2. Make it look professional! I cannot stress enough how important hiring a proofread or editor is. Readers will not be more forgiving of self-published books having typos than they will of publisher produced ones. I’ve gotten an email from a reader before who claimed my book was “riddled with typos”. When I politely asked her if she could point them out, she pointed out… two. Two typos in the whole book. Which to me doesn’t sound too bad. But to a reader, that is a big deal! Even one is a big deal and says “amateur” to a reader. So make sure that you have someone to watch your back in this area, and make sure that they are good at what they do. Ask around for recommendations, and I would always ask a proofer to do a few sample pages for you first, so that you can be sure they are actually going to catch everything.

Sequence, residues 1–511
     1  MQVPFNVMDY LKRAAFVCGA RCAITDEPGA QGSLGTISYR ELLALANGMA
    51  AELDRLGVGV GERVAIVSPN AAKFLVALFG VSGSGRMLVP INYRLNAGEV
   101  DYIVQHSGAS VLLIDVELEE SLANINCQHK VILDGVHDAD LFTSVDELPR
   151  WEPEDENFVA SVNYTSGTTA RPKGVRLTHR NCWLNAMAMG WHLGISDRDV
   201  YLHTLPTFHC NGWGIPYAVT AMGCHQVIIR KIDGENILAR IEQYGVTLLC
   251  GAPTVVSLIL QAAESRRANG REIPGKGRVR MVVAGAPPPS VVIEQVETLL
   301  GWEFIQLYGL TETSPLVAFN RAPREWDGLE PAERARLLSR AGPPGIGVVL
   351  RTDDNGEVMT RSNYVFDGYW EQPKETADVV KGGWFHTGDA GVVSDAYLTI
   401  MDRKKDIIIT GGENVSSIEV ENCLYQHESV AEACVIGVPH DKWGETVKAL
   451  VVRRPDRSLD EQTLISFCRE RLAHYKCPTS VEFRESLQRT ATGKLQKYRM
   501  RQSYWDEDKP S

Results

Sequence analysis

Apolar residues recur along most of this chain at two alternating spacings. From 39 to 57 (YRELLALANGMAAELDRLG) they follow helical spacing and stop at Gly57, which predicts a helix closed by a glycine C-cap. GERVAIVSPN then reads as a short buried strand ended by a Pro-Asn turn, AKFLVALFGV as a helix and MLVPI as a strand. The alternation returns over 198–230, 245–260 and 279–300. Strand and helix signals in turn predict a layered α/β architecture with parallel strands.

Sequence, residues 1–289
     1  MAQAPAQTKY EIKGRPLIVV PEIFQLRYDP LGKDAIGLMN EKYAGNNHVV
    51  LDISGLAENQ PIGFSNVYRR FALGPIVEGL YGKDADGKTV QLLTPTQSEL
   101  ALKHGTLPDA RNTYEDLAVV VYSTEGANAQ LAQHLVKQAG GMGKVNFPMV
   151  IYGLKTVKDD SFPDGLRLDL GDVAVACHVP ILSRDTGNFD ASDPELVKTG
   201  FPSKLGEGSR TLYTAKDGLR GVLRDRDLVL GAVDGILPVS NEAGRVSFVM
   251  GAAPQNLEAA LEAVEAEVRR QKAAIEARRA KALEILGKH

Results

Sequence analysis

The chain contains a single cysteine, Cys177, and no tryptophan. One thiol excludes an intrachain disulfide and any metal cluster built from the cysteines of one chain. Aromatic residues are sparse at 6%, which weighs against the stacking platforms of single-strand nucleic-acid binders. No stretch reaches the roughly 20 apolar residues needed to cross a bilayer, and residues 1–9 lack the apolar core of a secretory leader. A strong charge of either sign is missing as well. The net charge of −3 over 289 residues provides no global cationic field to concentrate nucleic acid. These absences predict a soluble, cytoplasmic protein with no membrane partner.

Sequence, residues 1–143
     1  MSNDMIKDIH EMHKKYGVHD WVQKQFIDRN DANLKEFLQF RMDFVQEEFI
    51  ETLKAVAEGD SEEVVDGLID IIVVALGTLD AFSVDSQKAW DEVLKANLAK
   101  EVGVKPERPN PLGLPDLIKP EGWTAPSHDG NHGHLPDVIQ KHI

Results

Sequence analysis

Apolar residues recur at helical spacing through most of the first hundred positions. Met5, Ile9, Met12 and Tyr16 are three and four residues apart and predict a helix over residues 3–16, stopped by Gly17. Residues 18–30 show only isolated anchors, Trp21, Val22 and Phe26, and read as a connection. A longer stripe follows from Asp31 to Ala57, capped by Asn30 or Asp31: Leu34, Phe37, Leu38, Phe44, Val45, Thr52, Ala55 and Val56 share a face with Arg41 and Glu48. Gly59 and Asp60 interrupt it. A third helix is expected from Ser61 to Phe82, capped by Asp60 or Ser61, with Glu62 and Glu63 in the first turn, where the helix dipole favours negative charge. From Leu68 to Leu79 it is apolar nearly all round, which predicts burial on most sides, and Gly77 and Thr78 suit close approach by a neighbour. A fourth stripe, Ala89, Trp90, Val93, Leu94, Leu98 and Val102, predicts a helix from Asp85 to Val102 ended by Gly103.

3. Disclose word count! If you’re writing a full length novel, and it is comparable to a print length (generally 80-100K ), you can get away with not telling reader the word count. But if you’re writing a novella, novelette, or short story, disclose your word count right in the product description. There are so many full length books being sold for $.99 now that readers sometimes feel cheated when they pay $.99 and then find out they’ve bought a short story. Or in other cases some readers have a different idea of what “short” is than the author. This is one place where bad reviews happen to me all the time – not for story issues, but because the reader wanted a longer piece. So definitely make sure that you give readers as much info up front about length as possible. And speaking of reviews…